Thai magazine editor gets 10 year sentence for royal insult
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Thai magazine editor gets 10 year sentence for royal insult


A prominent Thai activist and magazine editor was sentenced to a decade in prison Wednesday for defaming Thailand’s monarchy, a verdict rights groups condemned as the latest affront to freedom of expression in the Southeast Asian country.

Somyot Pruksakasemsuk was convicted of publishing two articles in an anti-establishment magazine that made negative references to the crown.

The verdict came despite repeated calls by rights groups to free Somyot, who has been jailed since 2011. It also underscored the harsh nature of Thailand’s lese majeste laws, which critics say have frequently been used by politicians to silence rivals.

The articles in question were published under a pseudonym in Somyot’s now-defunct Voice of Taksin magazine, which he launched in 2009 to compile political news and anti-establishment articles from writers and contributors.

Judges found both pieces contained content that defamed the royal family and argued that Somyot, as a veteran editor, knew that and chose to print them anyway. The court announced two five-year jail terms — one for each story.

“(Somyot) should have better judgment than ordinary journalists. He must have understood that the articles contained lese majeste content, but chose to publish them anyway,” one of judges said in the sentence.

Somyot said he would appeal the verdict but would not seek a royal pardon [BP: Interesting he won’t seek a pardon…].


The European Union also weighed in on the verdict, saying it “seriously undermines the right to freedom of expression and press freedom” and “affects Thailand’s image as a free and democratic society.”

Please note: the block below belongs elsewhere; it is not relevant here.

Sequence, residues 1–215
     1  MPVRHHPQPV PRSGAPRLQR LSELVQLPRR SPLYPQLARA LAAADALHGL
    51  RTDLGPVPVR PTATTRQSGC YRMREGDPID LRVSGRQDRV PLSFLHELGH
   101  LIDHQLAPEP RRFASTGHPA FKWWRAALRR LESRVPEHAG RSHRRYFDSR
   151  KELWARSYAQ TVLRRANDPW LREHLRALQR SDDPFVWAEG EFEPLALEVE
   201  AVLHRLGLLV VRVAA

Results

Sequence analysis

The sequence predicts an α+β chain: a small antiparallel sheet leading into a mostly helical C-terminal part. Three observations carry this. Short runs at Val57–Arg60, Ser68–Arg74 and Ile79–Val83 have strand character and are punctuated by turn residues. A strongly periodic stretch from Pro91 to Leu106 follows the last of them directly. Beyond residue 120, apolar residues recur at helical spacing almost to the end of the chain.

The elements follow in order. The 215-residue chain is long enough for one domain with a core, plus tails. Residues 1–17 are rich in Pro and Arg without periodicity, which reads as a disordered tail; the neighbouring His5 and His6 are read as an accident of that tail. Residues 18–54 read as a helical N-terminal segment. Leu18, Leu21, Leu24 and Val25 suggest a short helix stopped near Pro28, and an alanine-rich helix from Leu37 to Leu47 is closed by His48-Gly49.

Human Rights Watch:

“The courts seem to have adopted the role of chief protector of the monarchy at the expense of free expression rights,” said Brad Adams, Asia director at Human Rights Watch. “The court’s ruling appears to be more about Somyot’s strong support for amending the lese majeste law than about any harm incurred by the monarchy.”

Somyot was first arrested during the street protests by the United Front for Democracy against Dictatorship (UDD) “Red Shirts” against the government of then-prime minister Abhisit Vejjajiva. On April 26, 2010, the government’s Center for the Resolution of Emergency Situations (CRES) put Somyot and his magazine on a chart containing names of individuals and groups whom it accused of being “anti-monarchy.” The CRES never offered any credible evidence to substantiate this allegation. On May 24, 2010, Somyot was arrested by the CRES, which detained him without charge for 19 days in an army camp under state of emergency rules then in effect. He was released on June 13, 2010. Somyot then changed the name of his magazine from Voice of Taksin to Red Power. The Abhisit government forced the shutdown of Red Power in September 2010.